See Steel, Torrie and Dickey, Chapter 8, and Multiple Comparisons and Multiple Tests using the SAS System, Westfall et al.
Preplanned comparisons that are linearly independent of one another, hence involving no more contrasts than the appropriate degrees of freedom, can be made using either ttests or F tests (although it should be noted that this does not, of itself address the issue of multiple comparisons). If we want to test all the possible differences, or if we wish to make tests suggested by the data then simple ttests or F tests are no longer appropriate, since the overall probability level will likely be toohigh (the risk of false positives). We need tests appropriate to multiple comparisons. Multiple comparison tests are characterised by considering the number of tests that could be made.
There are a number of multiple comparison tests :
Here we look at Scheffé's test; because it is a valid, fairly conservative test, sufficiently generalised to be applicable to unequal designs. It is very general, so that all possible contrasts can be tested for significance, or confidence intervals contructed for corresponding linear functions of parameters.
Consider the example from the Completely Randomised Design, Oneway ANOVA.
Treatments  

3DOk1  3DOk5  3DOk4  3DOk7  3DOk13  composite  
means  28.82  23.90  14.35  19.92  13.26  18.7 
We shall look at the multiple comparison test due to Scheffé. We can use it for computing a Confidence Interval, and also for computing a Critical Difference, to allow us to determine whether a difference can be considered to be statistically significantly different,or not.
First of all we need to decide on our Hypothesis; our Null Hypothesis (H_{o}) and our Alternative Hypothesis (H_{A}).
Our Null Hypothesis (H_{o}) will be that there is no difference, i.e. that the difference = Zero.
Our Alternative Hypothesis (H_{A}) will be that there is a difference, i.e. that the difference is not equal to Zero.
Basically it involves estimating the difference of any particular desired contrast, and the standard error, using the appropriate methodology, i.e. using our matrix k`!
We then need to determine the F_{tabulated}, which will depend on our probability level, numerator and denominator degrees of freedom, hence the importance of being able to compute the correct tabulated F value for any given numerrator and denominator degrees of freedom (see the section on computing F vaalues).
Then we compute the critical difference as :
Then, if the absolute estimated difference is greater than the critical difference, we can declare that the difference is statistically significant, i.e. reject H_{o}, where H_{o} is that the difference is zero.
Thus, for example, suppose that we have analysed these data and see that there appears to be a difference between the 5 straight inoculants and the mixture. So, we wish to compare the average of the 5 inoculants vs. the 6^{th} (which is the combined mixture of the 5 inoculants), then the difference is:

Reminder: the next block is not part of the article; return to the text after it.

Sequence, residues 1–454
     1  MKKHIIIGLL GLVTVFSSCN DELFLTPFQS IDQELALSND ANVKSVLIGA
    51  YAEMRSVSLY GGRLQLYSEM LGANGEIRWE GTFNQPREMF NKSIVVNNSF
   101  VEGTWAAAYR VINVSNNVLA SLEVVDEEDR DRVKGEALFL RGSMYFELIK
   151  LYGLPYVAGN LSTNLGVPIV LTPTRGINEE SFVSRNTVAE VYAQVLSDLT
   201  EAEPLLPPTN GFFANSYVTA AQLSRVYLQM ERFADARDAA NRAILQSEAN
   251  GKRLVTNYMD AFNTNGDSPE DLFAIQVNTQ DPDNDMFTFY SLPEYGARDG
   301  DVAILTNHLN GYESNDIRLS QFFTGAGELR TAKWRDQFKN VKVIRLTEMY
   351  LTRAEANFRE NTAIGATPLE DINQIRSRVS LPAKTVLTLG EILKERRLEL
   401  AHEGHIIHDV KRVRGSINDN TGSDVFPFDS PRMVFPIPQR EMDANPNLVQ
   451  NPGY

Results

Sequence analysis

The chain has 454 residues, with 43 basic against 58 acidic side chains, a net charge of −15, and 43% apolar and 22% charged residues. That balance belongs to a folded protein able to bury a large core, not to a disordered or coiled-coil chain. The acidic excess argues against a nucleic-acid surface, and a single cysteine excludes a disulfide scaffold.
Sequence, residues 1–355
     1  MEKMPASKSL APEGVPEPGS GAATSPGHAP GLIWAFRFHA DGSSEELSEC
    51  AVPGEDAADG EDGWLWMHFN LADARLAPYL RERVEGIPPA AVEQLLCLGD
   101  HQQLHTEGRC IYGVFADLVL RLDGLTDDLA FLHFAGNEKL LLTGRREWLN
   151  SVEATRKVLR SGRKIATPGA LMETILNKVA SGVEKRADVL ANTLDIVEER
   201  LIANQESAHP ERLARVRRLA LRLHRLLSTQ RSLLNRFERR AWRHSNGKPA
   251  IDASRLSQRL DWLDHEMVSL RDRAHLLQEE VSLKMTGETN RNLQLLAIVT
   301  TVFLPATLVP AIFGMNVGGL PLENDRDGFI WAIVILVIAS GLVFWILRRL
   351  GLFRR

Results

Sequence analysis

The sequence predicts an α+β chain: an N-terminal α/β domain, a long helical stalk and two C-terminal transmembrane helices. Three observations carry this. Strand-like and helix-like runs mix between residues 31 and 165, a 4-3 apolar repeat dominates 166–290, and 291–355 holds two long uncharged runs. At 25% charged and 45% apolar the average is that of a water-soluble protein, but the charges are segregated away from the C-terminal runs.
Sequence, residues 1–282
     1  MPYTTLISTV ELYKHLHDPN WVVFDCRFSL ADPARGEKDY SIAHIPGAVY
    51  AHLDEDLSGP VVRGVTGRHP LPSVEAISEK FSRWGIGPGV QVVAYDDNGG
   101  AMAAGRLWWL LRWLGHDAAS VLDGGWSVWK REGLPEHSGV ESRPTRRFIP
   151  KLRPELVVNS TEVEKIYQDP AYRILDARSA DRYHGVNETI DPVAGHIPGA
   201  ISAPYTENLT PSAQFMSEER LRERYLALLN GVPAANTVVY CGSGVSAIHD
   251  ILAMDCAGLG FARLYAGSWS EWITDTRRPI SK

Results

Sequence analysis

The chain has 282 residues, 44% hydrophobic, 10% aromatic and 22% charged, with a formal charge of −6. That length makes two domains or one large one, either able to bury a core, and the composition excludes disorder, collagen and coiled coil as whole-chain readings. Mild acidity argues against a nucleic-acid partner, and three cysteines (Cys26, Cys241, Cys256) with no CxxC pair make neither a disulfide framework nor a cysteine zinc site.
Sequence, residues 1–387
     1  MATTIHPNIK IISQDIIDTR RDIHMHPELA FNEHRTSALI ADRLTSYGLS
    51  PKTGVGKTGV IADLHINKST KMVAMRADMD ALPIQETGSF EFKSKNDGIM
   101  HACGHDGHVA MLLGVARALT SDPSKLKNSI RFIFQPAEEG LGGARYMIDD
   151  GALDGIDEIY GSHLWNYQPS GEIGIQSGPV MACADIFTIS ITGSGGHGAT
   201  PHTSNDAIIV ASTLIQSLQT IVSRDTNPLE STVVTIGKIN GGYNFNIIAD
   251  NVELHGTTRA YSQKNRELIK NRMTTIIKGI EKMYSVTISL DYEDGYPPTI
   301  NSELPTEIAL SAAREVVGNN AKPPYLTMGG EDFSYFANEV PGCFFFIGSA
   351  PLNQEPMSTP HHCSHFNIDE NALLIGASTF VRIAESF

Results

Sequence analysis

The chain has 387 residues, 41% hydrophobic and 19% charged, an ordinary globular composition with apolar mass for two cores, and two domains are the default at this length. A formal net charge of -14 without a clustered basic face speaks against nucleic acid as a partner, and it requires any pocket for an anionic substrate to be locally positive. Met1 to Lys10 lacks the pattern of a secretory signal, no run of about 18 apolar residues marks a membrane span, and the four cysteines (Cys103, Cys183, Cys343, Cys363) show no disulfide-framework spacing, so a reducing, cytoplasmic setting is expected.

The tabulated t value for 22 residual degrees of freedom at the 5% level is 2.074. Thus, using a simple (inappropriate) t statistic we would require a critical difference (estimate) of at least t * s.e.; i.e. 2.074 * 1.77 = 3.67
If we did not have this as a preplanned comparison, but rather after our analysis we noted this difference and wanted to know if it was significant we should be using a multiple comparison test, e.g. Scheffé's test. The calculations are as above, to compute the estimate of the difference and the standard error. We have 6 treatments, so s = 6, and s  1 = 5, the degrees of freedom for treatments.
F 5%, 5 d.f., 22 d.f.  = 2.66 
= 3.6469 
Then the critical difference = 1.77 * 3.6469 = 6.45. Thus the estimated difference must exceed 6.45 to be considered statistically significant, at the 5% level!! Therefore in this case we would accept the null hypothesis, that the treatments do not in fact differ significantly from one another.
We can also use the Sheffé's multiple comparison method to compute a Confidence Interval; which will simply be our estimate +/ the Critical difference! This will apply equally well to an estimate of a difference, or a Least Square mean.
How do we do this with SAS (or any other statistical package)?
With SAS we can use the estimate statement, after the model statement, to
compute the estimate of the difference between two 'treatments' or levels
together with the standard error of the estimate. Then a little bit of
work by hand with a calculator will give us the critical difference.
In addition, if we have carried out an experiment and then made the statistical analysis and want to compare all the treatments (for example in the above experiment) we are now able to have SAS do the Scheffé's test for us when we compare the Least Squares Means. We shall not obtain the estimates of the differences, nor a critical difference. Rather SAS will provide us with a table of the probabilities of the differences, adjusted for the multiple comparisons, using the method of Scheffé. The SAS statements for the CRD would be:
proc glm data=crd1; classes trt; model y = crd; lsmeans trt/stderr pdiff; lsmeans trt/stderr pdiff adjust=scheffe; /* Scheffe's test */ lsmeans trt/stderr pdiff adjust=bon; /* Boneferoni's test */ estimate 'trt1trt2' trt 1 1 0 0 0 0; estimate 'trt1trt3' trt 1 0 1 0 0 0; estimate 'trt1trt4' trt 1 0 0 1 0 0; estimate 'trt1trt5' trt 1 0 0 0 1 0; estimate 'trt1trt6' trt 1 0 0 0 0 1; estimate 'trt2trt3' trt 0 1 1 0 0 0; estimate 'trt2trt4' trt 0 1 0 1 0 0; estimate 'trt2trt5' trt 0 1 0 0 1 0; estimate 'trt2trt6' trt 0 1 0 0 0 1; estimate 'trt3trt4' trt 0 0 1 1 0 0; estimate 'trt3trt5' trt 0 0 1 0 1 0; estimate 'trt3trt6' trt 0 0 1 0 0 1; estimate 'trt4trt5' trt 0 0 0 1 1 0; estimate 'trt4trt6' trt 0 0 0 1 0 1; estimate 'trt5trt6' trt 0 0 0 0 1 1; estimate 'trt15 vs 6' trt .2 .2 .2 .2 .2 1; run;